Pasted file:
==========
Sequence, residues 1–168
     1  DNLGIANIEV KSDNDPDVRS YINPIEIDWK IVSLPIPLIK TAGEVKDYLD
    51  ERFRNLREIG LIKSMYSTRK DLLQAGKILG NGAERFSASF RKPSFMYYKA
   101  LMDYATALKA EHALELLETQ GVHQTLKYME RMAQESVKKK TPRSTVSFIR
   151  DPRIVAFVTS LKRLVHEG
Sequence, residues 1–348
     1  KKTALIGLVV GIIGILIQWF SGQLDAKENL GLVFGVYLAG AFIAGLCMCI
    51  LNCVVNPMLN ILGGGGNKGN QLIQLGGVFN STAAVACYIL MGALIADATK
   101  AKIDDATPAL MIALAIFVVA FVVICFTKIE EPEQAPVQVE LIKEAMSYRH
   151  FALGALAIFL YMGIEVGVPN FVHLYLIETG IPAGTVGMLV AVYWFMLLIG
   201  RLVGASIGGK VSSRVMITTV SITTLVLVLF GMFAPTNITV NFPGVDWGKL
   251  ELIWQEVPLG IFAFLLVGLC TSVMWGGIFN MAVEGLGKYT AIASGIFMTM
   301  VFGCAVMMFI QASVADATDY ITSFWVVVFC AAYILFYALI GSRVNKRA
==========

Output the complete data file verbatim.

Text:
Sequence, residues 1–168
     1  DNLGIANIEV KSDNDPDVRS YINPIEIDWK IVSLPIPLIK TAGEVKDYLD
    51  ERFRNLREIG LIKSMYSTRK DLLQAGKILG NGAERFSASF RKPSFMYYKA
   101  LMDYATALKA EHALELLETQ GVHQTLKYME RMAQESVKKK TPRSTVSFIR
   151  DPRIVAFVTS LKRLVHEG
Sequence, residues 1–348
     1  KKTALIGLVV GIIGILIQWF SGQLDAKENL GLVFGVYLAG AFIAGLCMCI
    51  LNCVVNPMLN ILGGGGNKGN QLIQLGGVFN STAAVACYIL MGALIADATK
   101  AKIDDATPAL MIALAIFVVA FVVICFTKIE EPEQAPVQVE LIKEAMSYRH
   151  FALGALAIFL YMGIEVGVPN FVHLYLIETG IPAGTVGMLV AVYWFMLLIG
   201  RLVGASIGGK VSSRVMITTV SITTLVLVLF GMFAPTNITV NFPGVDWGKL
   251  ELIWQEVPLG IFAFLLVGLC TSVMWGGIFN MAVEGLGKYT AIASGIFMTM
   301  VFGCAVMMFI QASVADATDY ITSFWVVVFC AAYILFYALI GSRVNKRA